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Batavia City School District switches to remote learning

The district said 39 positive COVID cases involved staff and students, which prompted more than 100 people in its four buildings to quarantine.

BATAVIA, N.Y. — In a letter addressed to families, the Batavia City School District on Saturday announced that it will switch to remote learning.

The move runs through January 4, for now. The school district cited Genesee County's 8 percent positive test rate as a challenge for administrators.

The district said 39 of those cases were staff and students, which prompted more than 100 people in its four buildings to quarantine.

"Moving our entire district to 100% Virtual Remote Learning will give us the ability to focus primarily on one mode of teaching and learning and allow us to prepare for updated guidance from NYS that prioritizes safe in-person learning for all," superintendent Anibal Soler, Jr., said in a statement.

Among the issues the school district cited:

  • staffing in-person learning with certified staff members;
  • guidance regarding close contact and quarantining for staff and students;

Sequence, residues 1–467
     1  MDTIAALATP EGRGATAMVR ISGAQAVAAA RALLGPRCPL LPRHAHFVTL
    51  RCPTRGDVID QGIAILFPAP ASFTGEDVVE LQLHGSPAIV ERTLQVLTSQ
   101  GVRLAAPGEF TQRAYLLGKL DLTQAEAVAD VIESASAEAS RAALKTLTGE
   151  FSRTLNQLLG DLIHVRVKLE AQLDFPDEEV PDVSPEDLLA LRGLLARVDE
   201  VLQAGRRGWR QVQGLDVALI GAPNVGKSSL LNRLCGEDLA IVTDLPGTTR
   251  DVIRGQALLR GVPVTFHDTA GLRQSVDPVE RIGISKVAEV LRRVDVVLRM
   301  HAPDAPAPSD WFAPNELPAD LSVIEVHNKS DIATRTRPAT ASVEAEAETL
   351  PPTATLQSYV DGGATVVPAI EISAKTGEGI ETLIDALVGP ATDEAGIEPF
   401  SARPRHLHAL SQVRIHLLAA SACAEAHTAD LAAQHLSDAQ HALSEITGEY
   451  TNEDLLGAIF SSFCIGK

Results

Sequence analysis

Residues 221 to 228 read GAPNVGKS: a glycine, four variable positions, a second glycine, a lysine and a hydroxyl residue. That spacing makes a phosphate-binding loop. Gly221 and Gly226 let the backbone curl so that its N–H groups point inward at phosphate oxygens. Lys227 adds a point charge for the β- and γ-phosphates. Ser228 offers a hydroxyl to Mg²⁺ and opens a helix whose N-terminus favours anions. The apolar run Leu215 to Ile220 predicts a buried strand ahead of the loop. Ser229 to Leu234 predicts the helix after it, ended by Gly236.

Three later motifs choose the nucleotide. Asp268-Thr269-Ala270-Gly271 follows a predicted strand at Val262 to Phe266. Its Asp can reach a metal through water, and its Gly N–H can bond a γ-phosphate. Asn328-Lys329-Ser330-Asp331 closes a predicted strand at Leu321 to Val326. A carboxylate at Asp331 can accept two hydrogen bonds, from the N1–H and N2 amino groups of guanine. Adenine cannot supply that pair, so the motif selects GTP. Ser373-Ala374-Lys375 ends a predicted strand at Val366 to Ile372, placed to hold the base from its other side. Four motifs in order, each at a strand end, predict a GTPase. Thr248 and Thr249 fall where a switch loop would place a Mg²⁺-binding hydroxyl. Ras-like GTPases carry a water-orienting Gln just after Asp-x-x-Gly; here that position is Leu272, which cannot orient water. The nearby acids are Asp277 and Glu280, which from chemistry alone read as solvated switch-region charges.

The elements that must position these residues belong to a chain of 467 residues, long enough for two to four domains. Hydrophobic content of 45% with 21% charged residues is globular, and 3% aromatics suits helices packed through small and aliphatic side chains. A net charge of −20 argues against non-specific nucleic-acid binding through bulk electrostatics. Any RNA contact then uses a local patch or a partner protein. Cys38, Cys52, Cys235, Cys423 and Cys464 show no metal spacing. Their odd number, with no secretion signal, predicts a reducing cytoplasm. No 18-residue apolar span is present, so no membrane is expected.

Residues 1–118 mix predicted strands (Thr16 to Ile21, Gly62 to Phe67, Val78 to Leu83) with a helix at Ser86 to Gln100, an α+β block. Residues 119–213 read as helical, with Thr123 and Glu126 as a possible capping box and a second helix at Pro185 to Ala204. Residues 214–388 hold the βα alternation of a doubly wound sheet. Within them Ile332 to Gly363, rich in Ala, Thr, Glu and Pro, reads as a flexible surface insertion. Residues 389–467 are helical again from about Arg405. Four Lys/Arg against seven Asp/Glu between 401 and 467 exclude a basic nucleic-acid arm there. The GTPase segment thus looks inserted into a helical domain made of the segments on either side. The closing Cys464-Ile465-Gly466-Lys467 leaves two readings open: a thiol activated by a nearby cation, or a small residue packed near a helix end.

• the 14-day quarantine window, despite the Centers for Disease Control and Prevention's recommendation it could be as low as seven to 10 days;
  • social gatherings held outside of school, which poses a risk to anyone who is still coming to the school.

"Families of children who receive specialized instruction and various mandated therapy will be contacted by the district with options for teletherapy and targeted support," Soler said.

"BOCES Career Technical Education students will also attend their program virtually. This does not impact out-of-district placements and students who attend BOCES Alternative Academy and ITP programs. For the majority of our students, this equates to the loss of five in-person learning days over the course of the next 12 school days.

With any return to in-person learning, Soler said parents and guardians will need to fill out consent forms. So far, the district has only received consent from 483 families, which represents 24 percent.

Soler understood that not everyone will agree with the timing of the move.

"At a time where we should be focused on celebrating an upcoming winter break and spending time with our families, I know that this decision will impact many of you negatively, and that is not my intent," Soler said.

"Ultimately, my intent and one of my main responsibilities as your Superintendent is to always protect the physical and mental health and safety of our students, staff, and community."

    

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